Jacinda Ardern on back foot as opponents go for the jugular

Wellington: New Zealand Prime Minister Jacinda Ardern has endured a rotten week, perhaps the worst of her leadership, as she confronts the Labour party's botched sexual assault investigation.

The Labour leader hoped the focus of the parliamentary week would be on mental health and on reducing suicide. Or on more funding for those affected by the Christchurch terror attacks, new front-line services in regional New Zealand, as she made a series of announcements in Wellington and around the country.

New Zealand PM Jacinda Ardern sits with the children of Spreydon West school on Friday.Credit:Getty Images

Instead, she was interrogated all week about her role in a deepening scandal that threatens her authority.

The involving saga, is at the heart, yet another sorry version of the intractable tale; the he-said-she-said.

There are the central allegations, made by several female Labour volunteers, of sexual assault, harassment, intimidation and bullying; all denied by a now-resigned male government staffer.

The second, and politically charged, contest is Ardern’s version of events against those of her party and her opposition.

Now, there's also a growing tide of commentary on the matter, from largely male New Zealand media establishment figures, suggesting the "beginning of the end" of Ardern's leadership.

That notion came from TVNZ veteran John Armstrong, who added "the tumult of the past week has been as serious a crisis as any that have afflicted the party since the bitter ideological warfare which tore Labour apart in the late 1980s".

This scandal, as detailed by one of the primary complainants in The Spinoff website this week, originated in early 2018, when a teenage Labour volunteer alleges she was digitally raped by the staffer.

In the months that followed, a group of Labour members and volunteers would make a suite of allegations against the man, who has not been named.

They took their grievances to "known and trusted" Labour party figures for a hearing, rather than police.

After months of buck-passing, a formal Labour investigation began in March this year.

Resigned: Nigel Haworth NZ Labour party president.Credit:Simon Maude/Stuff

It concluded in July, when party president Nigel Haworth exonerated the staffer and declined to offer a line of appeal.

Exasperated, the complainants reached out to other Labour figures – including Ms Ardern, other MPs, senior staff – and ultimately, the media and opposition, in search of a second hearing.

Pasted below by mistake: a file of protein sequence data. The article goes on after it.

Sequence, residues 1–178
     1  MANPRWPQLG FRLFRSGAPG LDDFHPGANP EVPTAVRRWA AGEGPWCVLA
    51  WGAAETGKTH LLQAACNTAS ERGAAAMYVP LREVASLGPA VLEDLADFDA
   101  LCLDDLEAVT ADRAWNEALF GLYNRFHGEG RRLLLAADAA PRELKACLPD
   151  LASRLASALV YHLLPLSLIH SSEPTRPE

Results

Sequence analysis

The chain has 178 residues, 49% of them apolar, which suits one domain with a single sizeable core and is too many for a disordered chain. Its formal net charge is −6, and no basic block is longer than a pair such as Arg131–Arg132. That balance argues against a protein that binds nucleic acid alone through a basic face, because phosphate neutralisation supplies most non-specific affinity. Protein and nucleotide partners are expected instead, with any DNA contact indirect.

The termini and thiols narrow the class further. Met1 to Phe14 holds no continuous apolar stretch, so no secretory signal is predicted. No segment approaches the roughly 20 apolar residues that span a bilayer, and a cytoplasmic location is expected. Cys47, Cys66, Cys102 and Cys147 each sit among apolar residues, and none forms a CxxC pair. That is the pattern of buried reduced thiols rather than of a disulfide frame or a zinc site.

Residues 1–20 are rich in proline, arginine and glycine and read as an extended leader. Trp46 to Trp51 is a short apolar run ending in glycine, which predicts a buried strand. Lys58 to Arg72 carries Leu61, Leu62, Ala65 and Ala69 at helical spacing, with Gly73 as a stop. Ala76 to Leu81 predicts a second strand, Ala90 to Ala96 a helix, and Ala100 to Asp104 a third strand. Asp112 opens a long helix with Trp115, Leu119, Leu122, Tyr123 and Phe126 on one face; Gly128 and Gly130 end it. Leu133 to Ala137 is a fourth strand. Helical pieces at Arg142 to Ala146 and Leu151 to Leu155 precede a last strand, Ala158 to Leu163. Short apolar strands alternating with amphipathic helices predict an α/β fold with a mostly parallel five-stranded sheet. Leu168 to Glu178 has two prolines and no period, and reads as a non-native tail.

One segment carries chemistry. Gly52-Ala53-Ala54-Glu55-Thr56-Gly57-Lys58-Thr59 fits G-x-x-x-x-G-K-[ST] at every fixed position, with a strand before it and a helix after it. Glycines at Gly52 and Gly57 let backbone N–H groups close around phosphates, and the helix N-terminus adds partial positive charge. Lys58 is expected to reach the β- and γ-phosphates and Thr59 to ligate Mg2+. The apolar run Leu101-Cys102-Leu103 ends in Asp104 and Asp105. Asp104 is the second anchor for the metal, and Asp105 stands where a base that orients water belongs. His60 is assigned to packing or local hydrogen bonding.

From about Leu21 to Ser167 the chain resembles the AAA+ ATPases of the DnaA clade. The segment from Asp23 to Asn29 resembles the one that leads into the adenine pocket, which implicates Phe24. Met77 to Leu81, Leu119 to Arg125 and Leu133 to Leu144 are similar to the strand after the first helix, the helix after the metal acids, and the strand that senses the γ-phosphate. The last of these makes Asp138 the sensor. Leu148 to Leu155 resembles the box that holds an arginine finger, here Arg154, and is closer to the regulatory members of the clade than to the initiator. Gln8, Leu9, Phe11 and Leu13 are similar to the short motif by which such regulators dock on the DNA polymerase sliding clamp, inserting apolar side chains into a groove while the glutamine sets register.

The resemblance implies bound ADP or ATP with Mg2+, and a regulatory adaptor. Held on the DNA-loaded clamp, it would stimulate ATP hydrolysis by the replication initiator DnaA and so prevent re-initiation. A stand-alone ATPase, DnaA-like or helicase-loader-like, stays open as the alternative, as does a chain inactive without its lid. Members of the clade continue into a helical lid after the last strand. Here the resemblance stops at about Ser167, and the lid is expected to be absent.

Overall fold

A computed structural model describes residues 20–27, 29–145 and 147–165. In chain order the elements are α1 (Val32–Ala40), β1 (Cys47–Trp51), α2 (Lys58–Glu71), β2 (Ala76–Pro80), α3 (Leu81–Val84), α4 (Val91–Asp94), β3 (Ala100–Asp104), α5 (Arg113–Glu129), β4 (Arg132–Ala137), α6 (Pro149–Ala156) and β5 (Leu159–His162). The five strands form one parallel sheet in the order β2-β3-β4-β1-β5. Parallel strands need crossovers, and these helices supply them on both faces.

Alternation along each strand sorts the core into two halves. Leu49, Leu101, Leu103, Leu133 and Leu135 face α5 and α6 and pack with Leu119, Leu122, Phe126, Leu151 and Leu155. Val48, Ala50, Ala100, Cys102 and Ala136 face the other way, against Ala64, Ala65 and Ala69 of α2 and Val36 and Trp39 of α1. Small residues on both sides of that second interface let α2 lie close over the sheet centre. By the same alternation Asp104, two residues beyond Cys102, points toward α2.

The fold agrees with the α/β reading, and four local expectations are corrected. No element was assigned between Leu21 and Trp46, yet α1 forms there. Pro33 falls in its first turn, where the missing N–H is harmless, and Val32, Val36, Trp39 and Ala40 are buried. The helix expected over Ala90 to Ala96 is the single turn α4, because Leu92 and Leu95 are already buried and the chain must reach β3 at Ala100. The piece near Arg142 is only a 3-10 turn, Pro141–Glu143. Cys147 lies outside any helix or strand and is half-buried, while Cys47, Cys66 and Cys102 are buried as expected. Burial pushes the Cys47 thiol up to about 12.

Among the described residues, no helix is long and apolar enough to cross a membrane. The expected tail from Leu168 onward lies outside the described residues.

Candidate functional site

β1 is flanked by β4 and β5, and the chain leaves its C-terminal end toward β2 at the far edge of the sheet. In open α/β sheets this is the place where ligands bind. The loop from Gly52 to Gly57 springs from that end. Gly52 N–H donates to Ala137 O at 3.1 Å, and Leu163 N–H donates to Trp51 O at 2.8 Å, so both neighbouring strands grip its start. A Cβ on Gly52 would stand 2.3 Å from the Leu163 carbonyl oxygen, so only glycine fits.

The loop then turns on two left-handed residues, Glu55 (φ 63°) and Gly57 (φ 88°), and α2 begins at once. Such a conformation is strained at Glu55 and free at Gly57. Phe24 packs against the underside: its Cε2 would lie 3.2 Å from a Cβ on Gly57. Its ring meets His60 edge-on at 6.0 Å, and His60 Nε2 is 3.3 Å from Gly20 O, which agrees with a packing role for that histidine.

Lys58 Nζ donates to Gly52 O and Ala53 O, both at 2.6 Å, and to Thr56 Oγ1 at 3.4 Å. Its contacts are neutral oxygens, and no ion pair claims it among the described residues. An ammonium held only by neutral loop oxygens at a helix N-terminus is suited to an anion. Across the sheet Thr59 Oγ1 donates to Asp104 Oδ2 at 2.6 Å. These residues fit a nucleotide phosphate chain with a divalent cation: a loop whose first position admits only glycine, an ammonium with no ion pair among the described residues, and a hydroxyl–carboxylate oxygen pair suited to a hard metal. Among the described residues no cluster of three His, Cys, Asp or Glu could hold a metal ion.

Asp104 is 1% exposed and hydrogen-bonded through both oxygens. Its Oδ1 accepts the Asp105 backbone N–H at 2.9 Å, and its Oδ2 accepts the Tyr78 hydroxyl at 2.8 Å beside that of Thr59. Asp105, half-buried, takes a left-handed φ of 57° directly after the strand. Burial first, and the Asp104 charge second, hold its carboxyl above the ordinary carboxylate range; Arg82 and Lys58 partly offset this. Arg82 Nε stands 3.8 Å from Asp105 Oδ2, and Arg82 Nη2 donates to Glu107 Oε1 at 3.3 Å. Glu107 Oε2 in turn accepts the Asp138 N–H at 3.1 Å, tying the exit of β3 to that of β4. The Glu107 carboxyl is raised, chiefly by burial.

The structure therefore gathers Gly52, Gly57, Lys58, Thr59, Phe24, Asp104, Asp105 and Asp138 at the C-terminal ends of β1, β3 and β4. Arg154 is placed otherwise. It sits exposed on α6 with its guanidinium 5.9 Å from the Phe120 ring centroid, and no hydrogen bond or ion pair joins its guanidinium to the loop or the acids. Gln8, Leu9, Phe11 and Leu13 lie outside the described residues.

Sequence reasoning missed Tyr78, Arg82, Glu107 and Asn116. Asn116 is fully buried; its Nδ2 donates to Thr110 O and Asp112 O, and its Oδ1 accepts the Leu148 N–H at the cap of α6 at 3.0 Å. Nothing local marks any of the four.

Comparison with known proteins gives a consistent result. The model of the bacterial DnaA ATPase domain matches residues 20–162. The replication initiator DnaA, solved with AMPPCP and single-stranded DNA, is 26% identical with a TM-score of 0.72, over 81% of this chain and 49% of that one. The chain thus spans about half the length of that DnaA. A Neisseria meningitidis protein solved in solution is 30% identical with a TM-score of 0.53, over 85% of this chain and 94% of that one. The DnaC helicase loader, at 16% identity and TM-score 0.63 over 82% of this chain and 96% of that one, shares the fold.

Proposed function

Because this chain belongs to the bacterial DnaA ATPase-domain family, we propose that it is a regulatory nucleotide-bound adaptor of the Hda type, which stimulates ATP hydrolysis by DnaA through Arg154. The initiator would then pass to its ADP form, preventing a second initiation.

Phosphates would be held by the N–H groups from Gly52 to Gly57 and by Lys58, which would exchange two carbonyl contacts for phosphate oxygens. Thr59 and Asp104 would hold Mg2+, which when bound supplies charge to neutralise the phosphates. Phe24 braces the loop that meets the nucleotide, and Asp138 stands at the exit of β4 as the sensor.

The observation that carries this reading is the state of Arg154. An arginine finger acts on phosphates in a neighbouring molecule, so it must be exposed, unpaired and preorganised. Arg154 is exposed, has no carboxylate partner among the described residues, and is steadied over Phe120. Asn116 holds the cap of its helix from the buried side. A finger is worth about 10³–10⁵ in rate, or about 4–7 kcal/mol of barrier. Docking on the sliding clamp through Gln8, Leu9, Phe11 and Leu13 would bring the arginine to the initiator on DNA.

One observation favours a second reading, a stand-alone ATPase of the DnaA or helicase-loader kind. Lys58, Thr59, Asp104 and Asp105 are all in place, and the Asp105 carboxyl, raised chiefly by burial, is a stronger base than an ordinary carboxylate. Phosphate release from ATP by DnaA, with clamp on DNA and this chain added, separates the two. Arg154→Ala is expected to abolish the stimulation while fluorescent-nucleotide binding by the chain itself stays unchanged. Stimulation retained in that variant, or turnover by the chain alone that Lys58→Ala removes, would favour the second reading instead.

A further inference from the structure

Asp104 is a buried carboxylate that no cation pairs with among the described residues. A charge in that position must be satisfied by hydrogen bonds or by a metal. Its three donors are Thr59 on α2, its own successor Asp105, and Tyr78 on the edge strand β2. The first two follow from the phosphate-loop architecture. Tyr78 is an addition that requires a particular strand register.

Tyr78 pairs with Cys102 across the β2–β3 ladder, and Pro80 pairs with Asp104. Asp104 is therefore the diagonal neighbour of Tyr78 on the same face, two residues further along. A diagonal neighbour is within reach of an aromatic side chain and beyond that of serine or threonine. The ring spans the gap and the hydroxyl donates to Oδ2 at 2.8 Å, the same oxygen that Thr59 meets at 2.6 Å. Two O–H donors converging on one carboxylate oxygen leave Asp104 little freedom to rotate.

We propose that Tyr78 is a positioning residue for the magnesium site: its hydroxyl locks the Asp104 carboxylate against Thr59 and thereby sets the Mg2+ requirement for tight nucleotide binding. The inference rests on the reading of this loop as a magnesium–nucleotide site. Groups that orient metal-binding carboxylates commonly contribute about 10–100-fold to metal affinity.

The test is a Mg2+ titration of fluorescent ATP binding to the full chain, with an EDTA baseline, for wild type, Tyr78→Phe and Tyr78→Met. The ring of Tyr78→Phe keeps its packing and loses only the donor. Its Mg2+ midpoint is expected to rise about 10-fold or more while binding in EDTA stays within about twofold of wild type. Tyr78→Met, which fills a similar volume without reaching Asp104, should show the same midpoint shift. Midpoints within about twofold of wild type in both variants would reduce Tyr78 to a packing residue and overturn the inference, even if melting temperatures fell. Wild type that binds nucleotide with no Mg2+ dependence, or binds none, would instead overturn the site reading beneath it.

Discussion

This is all in the shadow of troubling assaults and misbehaviour at a Young Labour summer camp last year.

And then, a major review into the New Zealand Parliamentary workplace, which had a top line conclusion of "systemic bullying and harassment".

Ardern – who has elevated the issue of sexual violence as prime minister – says as she learned of the gravity of the situation, she intervened to install a Queen's Counsel to investigate the allegations and process.

But it's hard to escape the feeling this matter is not suited to a Prime Minister's desk.

If Haworth had discharged his duties, engaging an appropriate conciliation and placing welfare around the complainants, it wouldn't have exploded in Ardern's hands.

The shambolic process is another example of how powerful institutions like political parties attempt to sweep uncomfortable issues under the carpet.

Haworth, who has resigned over Labour's handling of the investigation, denies knowing the complainants included an allegation of sexual assault.

His resignation moved the focus of questioning onto Ardern; on what she knew, when she knew it, and how she responded.

On this, she is vulnerable.

Particularly as the complainants' frustrations led them to make the extraordinary move of confiding in an opposition MP, National Deputy Leader Paula Bennett.

The opposition alleges a cover-up, claiming that Ardern's senior staff knew, her parliamentary ally Grant Robertson knew, and senior Labour party officials knew – and all failed to respond.

A campaign of leaks and backgrounding is underway and the Kiwi media smells blood.

Duncan Garner, a TV3 figure, writes Ardern "may be forced to resign as Prime Minister", using the violent analogy of a race-leading car driver crashing into a wall.

"I simply can't say with certainty if Ardern is going to walk away from this mass pile up," he wrote.

Mike Hosking, the shock-jock radio host behind the microphone of New Zealand's top-rating morning program, has declared Ardern "donkey deep in this, her stories are wildly inconsistent, and her deep concern now looks superficial, and that's putting it mildly".

Ardern apologised to complainants for the botched process, acknowledging her unenviable position to bring the matter to conclusion.

"It's my job to fix this, and I will," she said.

AAP

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